Ghoststrider (ghoststrider) wrote in a_versus_l,

Definition Time

It seems we're confused about what is what. So I proclaim a time for definitions.

Let's come to some consensus (or at least make the appearance of trying to, for debate's sake) on what capitalism, corporatism, communism, socialism, libertarianism, anarchism, and minarchism really mean. Other terms can, of course, also be defined.

If we're ever going to have a meaningful discussion between anarchists and libertarians (some of whom are probably both), we're going to need to have some base line to stand on. I can't see us having anything of value if one side is speaking Cantonese and the other is speaking Mandarin.

Speaking of Mandarin, I like oranges...

PS: Can someone other than me please make a post? This is supposed to be a community, not my second blog. :p
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There's lots to say. A little history behind the terms might help.

Modern libertarians (and anarcho-capitalists) tend to use the Misean/Randian definition of "capitalism", which is synonymous with "free market". Others, including most modern socialists, use the original Ricardian definition as a system in which the government intervenes on behalf of property owners (or at least the large prominent ones) as contrasted against a free-market devoid of those privileges. Capitalism was originally coined by dissident free marketeers opposed to it, as a proxy for what you might call corporatism.

I don't argue that most socialists really aware of this history; for them, it's more about the connotations that come from using the word as a proxy both for the free market and the existing corporatist mixed economy. Libertarians often make the same mistake in reverse, defending aspects of the current system on the basis of free market principles (what market anarchist Kevin Carson has termed vulgar libertarianism). I just note that the different political traditions have inherited two different mentalities surrounding the word. It's important to qualify terms to avoid angry misunderstanding, as you did in the original post.

Regarding "anarchism", most social(ist) anarchists would define it as the opposition to rulers, but not to rules or order. I would be more precise in saying it's the opposition to imposed rule, or "aggression" in libertarian lingo. Disparities in authority within an association are not archist per se, but generally undesirable from a libertarian perspective for same reasons that oppressive cultural norms are bad: they detract from a culture liberty and the self-actualization of it's inhabitants. I differ with social anarchists in this regard, in that I can accept anarchy as simply the non-aggression principle, and let the anti-authoritarian elements (anti-sexism, anti-racism, worker autonomy) come about through thickness rather than definition.


January 31 2008, 00:55:16 UTC 9 years ago

Capitalism: an economic system with unfettered markets.
Corporatism: commonly referred to as capitalism; confluence of state and economic power.
Communism: the absence of class and state.
Socialism: a political/economic system characterized by central ownership of all productive property.
Libertarianism: a variety of political beliefs ranging from anarchism to minarchism; basically meaningless; with a capital L, it generally refers to minarchism.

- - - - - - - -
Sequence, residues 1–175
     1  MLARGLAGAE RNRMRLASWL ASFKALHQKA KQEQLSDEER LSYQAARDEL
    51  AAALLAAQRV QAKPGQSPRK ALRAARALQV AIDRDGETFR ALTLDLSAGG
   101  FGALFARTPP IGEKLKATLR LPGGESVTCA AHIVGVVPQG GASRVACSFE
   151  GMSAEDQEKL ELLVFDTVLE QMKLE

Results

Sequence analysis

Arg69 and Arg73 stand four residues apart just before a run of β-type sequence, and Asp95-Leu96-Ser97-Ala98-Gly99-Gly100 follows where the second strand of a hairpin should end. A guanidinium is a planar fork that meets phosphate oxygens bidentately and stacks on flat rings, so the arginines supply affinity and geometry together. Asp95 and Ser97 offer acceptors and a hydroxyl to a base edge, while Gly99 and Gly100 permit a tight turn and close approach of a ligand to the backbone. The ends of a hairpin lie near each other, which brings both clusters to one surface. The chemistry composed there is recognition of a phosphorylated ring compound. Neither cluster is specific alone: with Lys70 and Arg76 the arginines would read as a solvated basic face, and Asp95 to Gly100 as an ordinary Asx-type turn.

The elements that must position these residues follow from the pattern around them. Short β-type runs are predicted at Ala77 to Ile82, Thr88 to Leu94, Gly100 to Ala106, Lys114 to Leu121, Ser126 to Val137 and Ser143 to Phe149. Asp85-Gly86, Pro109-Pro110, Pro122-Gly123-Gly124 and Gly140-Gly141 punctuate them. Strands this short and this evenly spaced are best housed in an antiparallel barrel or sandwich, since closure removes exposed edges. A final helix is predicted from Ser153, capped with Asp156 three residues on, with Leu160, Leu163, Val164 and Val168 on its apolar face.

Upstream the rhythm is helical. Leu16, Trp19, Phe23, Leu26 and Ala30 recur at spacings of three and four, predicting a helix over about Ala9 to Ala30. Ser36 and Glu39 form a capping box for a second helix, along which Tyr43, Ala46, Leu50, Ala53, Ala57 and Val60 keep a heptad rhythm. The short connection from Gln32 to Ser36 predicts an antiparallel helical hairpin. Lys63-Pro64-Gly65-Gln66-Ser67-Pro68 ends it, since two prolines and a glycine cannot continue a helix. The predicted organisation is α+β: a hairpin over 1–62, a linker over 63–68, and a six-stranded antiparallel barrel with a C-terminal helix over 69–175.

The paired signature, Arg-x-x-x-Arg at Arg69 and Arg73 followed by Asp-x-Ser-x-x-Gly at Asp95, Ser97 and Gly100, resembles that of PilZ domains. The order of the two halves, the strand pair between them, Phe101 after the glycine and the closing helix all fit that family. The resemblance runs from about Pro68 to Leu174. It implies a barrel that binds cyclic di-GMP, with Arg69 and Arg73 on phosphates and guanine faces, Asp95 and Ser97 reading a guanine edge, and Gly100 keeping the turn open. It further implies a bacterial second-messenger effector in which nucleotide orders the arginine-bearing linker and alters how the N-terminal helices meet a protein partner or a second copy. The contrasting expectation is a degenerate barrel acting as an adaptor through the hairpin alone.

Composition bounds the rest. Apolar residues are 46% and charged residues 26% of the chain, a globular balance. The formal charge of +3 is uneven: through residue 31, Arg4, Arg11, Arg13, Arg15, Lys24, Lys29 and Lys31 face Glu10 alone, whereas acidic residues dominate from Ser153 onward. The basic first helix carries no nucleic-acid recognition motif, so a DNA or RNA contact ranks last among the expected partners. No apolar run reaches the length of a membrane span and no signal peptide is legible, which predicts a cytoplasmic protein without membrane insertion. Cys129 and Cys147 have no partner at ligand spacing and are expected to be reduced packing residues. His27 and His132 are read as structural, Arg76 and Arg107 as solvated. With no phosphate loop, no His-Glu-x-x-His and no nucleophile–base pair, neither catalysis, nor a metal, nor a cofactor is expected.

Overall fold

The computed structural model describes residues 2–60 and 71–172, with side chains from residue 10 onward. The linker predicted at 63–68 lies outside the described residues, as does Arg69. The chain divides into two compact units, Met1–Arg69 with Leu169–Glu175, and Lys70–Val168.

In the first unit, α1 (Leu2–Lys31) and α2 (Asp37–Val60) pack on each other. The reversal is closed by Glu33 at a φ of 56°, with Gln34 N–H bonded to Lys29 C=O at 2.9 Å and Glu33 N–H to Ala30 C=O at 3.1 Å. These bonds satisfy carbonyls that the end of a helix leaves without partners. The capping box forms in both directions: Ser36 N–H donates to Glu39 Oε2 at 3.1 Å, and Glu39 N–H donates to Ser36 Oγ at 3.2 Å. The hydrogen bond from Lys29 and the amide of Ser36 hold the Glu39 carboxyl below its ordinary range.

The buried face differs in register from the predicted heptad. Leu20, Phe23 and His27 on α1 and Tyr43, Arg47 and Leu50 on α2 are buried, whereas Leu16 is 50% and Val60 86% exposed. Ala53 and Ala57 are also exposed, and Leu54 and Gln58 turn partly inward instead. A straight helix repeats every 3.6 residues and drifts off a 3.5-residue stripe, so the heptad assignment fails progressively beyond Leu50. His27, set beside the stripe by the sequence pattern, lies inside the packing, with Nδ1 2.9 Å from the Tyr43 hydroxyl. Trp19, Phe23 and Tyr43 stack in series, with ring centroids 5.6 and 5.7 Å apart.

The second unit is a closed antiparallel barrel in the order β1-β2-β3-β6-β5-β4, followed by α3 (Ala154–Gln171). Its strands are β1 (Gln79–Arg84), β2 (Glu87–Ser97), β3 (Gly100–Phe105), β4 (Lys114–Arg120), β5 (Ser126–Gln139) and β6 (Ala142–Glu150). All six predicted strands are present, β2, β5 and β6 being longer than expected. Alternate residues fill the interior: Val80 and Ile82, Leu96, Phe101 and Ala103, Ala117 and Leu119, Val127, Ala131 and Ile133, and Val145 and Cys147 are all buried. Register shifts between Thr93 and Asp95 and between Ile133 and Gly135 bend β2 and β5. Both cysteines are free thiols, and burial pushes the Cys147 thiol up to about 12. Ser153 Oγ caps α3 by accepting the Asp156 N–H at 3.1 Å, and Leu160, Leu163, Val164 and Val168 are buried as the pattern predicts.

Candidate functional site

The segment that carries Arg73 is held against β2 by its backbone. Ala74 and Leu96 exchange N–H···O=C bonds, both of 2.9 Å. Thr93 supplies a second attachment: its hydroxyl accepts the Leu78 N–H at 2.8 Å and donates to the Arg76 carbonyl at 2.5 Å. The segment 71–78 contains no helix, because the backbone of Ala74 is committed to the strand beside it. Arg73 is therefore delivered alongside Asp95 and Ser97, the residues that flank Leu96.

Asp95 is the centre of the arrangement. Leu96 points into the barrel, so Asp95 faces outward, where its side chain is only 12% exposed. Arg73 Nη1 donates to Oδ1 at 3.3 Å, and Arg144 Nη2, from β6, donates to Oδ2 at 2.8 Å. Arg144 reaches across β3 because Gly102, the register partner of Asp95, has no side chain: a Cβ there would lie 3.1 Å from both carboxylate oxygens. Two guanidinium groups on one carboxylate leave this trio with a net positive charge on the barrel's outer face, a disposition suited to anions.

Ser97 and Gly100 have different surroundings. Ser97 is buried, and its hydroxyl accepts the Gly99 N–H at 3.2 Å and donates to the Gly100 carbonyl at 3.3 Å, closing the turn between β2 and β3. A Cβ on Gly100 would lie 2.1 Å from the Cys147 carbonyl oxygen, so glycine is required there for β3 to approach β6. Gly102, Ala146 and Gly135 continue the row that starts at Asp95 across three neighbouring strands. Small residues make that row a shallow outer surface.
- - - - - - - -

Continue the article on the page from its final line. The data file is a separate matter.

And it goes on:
Anarchism: communism.
Minarchism: capitalism; anarchism, but with a state and class—not anarchism—and an either state- or market-focus on security (protection of productive property ownership).
So by your definitions, anarcho-capitalism isn't anarchism because it doesn't espouse communism?

You're free to have your own definitions, but come now--communism isn't really the absence of class and state, it's merely the community controlling the means of production (and thus, virtually everything else.) It creates a whole new state. Whether it has classes is arguable.


January 31 2008, 22:58:05 UTC 9 years ago

"anarcho-capitalism isn't anarchism because it doesn't espouse communism?"

Anarcho-capitalism isn't anarchism because it is an ideological basis for class society.

"communism isn't really the absence of class and state… It creates a whole new state. Whether it has classes is arguable."

You're mistaking socialism for communism. The state apparatus in the USSR, Korea, China, Cuba (to an extent) and other "communist" countries were never referred to by communists as a communist state of being, they were referred to as socialist. Nearly all Marxist and Marxist-*ist literature on the subject refers to this as the "dictatorship of the proletariat"—as opposed to capitalism ("dictatorship of the bourgeoisie")—a first step (from their movements' perspectives) towards communism—which, in all of this literature, is defined as a society without class or state. The fact that a stateless-classless society was never achieved in any of these projects is damning to the concept of socialism as any kind of a meaningful step towards communism, and that is the major ideological difference between anarchists and Marxists.

Some more keen anarchists take this analysis further, as anarchism is a project aimed at eliminating *all* social power and control, and include the institution of civilization ("any society that has cities"[1]) as one to be abolished, as it is itself a primary mechanism of class and the foundation of the state.

[1] Anthropological Dictionary,